How Long Can I Be On Workers' Comp?

January 10, 2024

Getting hurt on the job can be a stressful and confusing experience. While recovering, navigating the intricacies of workers’ compensation (workers’ comp) can add another layer of worry. One of the most frequently asked questions is: How long can I be on workers’ comp in Indiana?

The answer, like in many legal matters, isn’t as simple as a single number. The duration of your workers’ comp benefits in Indiana depends on several factors, including:

Type of Disability:

Temporary Total Disability (TTD): If your injury prevents you from any work at all, you can receive TTD benefits for up to 500 weeks. This is the maximum duration for any type of workers’ comp benefit in Indiana.

Temporary Partial Disability (TPD): If you can perform some work, but your earnings are reduced due to your injury, you may qualify for TPD benefits. These benefits continue for a maximum of 300 weeks or until you reach maximum medical improvement (MMI).

Permanent Total Disability (PTD): If your injury leaves you permanently unable to work at any job, you may be eligible for PTD benefits. These continue for up to 500 weeks or until you reach age 70, whichever comes first.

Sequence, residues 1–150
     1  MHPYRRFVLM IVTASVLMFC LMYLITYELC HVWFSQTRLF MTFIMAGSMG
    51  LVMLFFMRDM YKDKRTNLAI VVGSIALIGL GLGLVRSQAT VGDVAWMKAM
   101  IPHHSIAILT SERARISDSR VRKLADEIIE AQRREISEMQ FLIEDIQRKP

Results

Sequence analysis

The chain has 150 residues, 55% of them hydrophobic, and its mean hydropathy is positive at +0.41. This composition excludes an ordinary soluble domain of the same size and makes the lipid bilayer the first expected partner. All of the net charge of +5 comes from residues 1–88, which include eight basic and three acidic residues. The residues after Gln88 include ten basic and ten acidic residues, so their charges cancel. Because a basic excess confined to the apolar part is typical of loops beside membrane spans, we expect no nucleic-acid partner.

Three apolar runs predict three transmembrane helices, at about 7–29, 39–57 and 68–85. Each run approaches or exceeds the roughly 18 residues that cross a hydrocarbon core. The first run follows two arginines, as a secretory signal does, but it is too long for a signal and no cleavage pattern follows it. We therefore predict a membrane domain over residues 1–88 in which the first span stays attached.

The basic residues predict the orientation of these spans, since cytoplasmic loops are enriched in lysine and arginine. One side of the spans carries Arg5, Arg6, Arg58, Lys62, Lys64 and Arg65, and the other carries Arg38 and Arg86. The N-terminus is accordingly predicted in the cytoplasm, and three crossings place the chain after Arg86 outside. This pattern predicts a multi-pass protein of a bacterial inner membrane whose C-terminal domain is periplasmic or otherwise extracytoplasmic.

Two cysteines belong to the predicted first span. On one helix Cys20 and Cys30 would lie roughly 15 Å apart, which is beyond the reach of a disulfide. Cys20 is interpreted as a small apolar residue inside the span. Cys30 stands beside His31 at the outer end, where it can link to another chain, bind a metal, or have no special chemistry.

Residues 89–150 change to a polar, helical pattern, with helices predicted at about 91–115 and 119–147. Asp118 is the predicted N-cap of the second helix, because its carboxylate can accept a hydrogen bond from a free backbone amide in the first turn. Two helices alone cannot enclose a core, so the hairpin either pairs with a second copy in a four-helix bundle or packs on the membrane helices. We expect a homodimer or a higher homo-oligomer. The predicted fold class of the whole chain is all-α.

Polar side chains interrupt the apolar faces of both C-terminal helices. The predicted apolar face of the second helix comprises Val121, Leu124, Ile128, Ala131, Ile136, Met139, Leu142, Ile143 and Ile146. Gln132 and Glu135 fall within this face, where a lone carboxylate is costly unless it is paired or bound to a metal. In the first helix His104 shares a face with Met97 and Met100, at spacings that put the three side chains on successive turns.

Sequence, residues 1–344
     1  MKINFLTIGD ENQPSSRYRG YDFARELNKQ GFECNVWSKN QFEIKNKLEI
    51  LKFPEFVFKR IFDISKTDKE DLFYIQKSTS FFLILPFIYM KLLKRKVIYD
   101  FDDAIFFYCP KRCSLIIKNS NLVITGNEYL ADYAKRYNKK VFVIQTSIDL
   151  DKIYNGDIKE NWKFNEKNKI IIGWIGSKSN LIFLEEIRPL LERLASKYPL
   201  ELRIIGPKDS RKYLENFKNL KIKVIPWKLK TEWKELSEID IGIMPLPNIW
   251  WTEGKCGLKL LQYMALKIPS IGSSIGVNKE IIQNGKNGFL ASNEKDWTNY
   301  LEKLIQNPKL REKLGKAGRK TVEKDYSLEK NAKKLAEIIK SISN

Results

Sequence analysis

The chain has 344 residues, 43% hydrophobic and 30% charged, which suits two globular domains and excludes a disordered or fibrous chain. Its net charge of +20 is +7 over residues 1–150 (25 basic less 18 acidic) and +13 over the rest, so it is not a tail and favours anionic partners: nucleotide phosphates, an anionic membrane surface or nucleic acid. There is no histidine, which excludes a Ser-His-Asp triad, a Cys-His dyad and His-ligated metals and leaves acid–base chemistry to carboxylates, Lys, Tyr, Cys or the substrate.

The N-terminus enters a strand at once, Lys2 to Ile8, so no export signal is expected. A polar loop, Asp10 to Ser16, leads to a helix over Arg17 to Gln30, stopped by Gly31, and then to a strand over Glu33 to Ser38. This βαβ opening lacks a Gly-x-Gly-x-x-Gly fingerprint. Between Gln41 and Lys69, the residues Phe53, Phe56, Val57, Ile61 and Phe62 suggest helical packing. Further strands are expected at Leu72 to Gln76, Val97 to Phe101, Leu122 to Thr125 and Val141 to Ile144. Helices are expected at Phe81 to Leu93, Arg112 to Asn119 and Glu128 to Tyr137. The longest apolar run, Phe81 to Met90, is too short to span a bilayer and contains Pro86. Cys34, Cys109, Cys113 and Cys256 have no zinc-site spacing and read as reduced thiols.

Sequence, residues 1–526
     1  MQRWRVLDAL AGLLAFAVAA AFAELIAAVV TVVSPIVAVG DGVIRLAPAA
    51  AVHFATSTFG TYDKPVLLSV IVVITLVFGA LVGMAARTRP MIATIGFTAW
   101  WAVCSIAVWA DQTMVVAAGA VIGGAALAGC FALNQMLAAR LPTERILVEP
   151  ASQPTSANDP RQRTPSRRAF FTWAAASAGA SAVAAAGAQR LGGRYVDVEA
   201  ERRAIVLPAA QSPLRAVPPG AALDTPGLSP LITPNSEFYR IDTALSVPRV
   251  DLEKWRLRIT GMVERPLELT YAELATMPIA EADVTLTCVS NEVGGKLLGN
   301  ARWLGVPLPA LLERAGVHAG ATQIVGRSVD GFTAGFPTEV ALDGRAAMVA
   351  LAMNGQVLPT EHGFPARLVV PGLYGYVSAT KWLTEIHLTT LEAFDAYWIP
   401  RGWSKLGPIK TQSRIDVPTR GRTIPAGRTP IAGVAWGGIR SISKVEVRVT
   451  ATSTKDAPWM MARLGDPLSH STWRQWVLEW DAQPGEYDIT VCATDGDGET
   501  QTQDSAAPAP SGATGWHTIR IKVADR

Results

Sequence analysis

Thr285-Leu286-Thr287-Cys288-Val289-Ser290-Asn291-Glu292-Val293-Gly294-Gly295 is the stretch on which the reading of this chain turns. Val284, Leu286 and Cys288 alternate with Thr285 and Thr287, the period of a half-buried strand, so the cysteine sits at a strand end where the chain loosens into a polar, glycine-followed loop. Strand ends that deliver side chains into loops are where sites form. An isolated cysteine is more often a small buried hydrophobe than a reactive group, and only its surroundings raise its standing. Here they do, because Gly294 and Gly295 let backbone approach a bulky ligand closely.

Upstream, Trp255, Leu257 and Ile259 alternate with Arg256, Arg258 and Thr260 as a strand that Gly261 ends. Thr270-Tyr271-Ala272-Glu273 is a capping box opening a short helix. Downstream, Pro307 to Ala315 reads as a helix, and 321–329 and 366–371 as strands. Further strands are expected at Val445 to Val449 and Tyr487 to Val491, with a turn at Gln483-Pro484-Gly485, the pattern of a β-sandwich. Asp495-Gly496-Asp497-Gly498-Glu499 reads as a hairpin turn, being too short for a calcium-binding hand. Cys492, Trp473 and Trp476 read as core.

Permanent Partial Disability (PPD): If your injury results in a permanent impairment, but you can still work, you may receive PPD benefits as a lump sum payment or installments. The amount of PPD is based on the nature and severity of your impairment.

Other Factors:

Reaching Maximum Medical Improvement (MMI): MMI is the point when your condition is unlikely to improve further with medical treatment. Reaching MMI can often trigger a change in your benefit type, so it’s important to be aware of its implications.

Age: For PTD benefits, reaching age 70 will terminate your benefits, even if you haven’t received the full 500 weeks.

Return to Work: If your doctor clears you to return to work, even with restrictions, your TTD or TPD benefits may stop.


These are just general guidelines, and the specific details of your case may vary. It’s important to consult with an experienced Ball Eggleston workers’ comp attorney to understand your rights and entitlements.

Deadlines matter. Reporting your injury to your employer within 30 days and filing your claim with the Workers’ Compensation Board are crucial to receiving benefits.

Getting injured on the job shouldn’t leave you struggling financially and in the dark. By understanding your rights and resources, you can navigate the system and focus on healing and getting back on your feet.